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    ABSTRACT: In adolescence, vital sources of support come from family relationships; however, research that considers the health-related impact of ties to both parents and siblings is sparse, and the utility of such ties among at-risk teens is not well understood. Here we use two waves of panel data from the population of 8th and 12th grade students in a geographically isolated, rural, northeastern U.S. county to assess whether socioeconomic status (SES) moderates the effects of parental and sibling attachments on three indicators of adolescent health: obesity, depression, and problem substance use. Our findings indicate that, net of stressful life events, prior health, and sociodemographic controls, increases in parental and sibling attachment correspond with reduced odds of obesity for low-SES adolescents, reduced odds of depression for high-SES adolescents, and reduced odds of problem substance use for low-SES adolescents. Results suggest also that sibling and maternal ties are more influential than paternal ties, at least with regard to the outcomes considered. Overall, the findings highlight the value of strong family ties for the physical, psychological, and behavioral health of socioeconomically strained rural teens, and reveal the explanatory potential of both sibling and parental ties for adolescent health.
    Full-text · Article · Dec 2014 · Rural Sociology
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    • "Common explanations for socioeconomic inequalities in anxiety and depression are that SES stratifies life stressors and coping resources [36, 37]. Adverse life events, poorer coping styles and weaker social support are examples of factors that are associated with disadvantaged SES and account for some of the socioeconomic variation in depression [37–39]. Although the incidence and persistence of symptoms were both stratified by SES in this study, it may not be the same resources and stressors that are responsible for these effects. "
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    ABSTRACT: Purpose Socioeconomic inequalities in anxiety and depression widen with increasing age. This may be due to differences in the incidence or persistence of symptoms. This paper investigates the widening of inequalities in anxiety and depression over the lifecourse. Methods Data were from the West of Scotland Twenty-07 Study, constituting three cohorts aged approximately 16, 36 and 56 years at baseline and re-visited at 5-yearly intervals for 20 years. Symptoms were measured using the Hospital Anxiety and Depression Scale. Adjusting for age and sex, multilevel models with pairs of interviews (n = 6,878) nested within individuals (n = 3,165) were used for each cohort to estimate associations between current symptoms and education or household social class for both those with and without earlier symptoms, approximating socioeconomic differences in incidence and persistence. Results Inequalities in current symptom levels were present for both those with and without earlier symptoms. In the youngest cohort, those with less education were more likely to experience persistent depression and to progress from anxiety to depression. At older ages there were educational and social class differences in both the persistence and incidence of symptoms, though there was more evidence of differential persistence than incidence in the middle cohort and more evidence of differential incidence than persistence in the oldest cohort. Conclusions Differential persistence and symptom progression indicate that intervening to prevent or treat symptoms earlier in life is likely to reduce socioeconomic inequalities later, but attention also needs to be given to late adulthood where differential incidence emerges more strongly than differential persistence.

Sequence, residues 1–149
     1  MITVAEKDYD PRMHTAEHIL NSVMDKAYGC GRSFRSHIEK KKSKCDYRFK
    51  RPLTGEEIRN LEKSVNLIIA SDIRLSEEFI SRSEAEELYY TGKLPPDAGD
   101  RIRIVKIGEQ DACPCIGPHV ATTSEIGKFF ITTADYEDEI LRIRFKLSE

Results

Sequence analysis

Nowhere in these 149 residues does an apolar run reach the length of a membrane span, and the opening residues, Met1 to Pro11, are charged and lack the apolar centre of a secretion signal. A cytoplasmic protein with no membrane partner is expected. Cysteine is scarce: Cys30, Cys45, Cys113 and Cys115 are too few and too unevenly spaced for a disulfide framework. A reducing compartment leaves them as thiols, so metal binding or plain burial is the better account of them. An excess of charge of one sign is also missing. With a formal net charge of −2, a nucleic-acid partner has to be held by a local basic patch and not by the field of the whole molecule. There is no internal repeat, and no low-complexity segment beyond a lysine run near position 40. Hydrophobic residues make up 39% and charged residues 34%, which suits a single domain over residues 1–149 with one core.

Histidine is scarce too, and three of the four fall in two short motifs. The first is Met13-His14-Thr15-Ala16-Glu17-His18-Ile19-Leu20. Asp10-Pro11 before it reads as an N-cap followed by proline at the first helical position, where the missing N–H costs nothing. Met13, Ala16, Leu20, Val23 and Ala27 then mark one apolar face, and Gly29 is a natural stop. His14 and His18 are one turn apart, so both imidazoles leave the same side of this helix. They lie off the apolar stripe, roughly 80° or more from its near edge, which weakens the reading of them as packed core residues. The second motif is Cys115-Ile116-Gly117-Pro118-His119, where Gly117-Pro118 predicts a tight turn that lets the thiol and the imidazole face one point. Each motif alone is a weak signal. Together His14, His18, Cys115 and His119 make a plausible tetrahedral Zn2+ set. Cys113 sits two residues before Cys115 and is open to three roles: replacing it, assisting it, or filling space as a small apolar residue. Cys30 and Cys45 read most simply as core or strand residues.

Full-text · Article · Jun 2013 · Social Psychiatry